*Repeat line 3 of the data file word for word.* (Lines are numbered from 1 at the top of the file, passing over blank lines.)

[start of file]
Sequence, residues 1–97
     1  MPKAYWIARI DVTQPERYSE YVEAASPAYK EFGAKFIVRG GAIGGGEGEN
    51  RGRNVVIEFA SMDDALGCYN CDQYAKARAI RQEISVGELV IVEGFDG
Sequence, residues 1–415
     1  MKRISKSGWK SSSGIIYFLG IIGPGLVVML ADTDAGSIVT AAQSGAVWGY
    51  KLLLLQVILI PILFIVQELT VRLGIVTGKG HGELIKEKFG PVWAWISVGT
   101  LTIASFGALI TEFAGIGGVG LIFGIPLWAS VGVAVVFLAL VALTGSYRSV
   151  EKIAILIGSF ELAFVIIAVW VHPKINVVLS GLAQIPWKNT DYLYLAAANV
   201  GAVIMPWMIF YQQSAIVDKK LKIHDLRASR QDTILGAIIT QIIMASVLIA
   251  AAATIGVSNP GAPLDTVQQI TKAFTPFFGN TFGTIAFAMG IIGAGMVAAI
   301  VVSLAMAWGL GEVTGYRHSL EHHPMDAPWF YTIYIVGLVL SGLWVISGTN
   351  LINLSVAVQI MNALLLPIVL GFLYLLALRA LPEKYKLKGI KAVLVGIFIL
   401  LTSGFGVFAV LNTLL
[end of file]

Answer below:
    51  RGRNVVIEFA SMDDALGCYN CDQYAKARAI RQEISVGELV IVEGFDG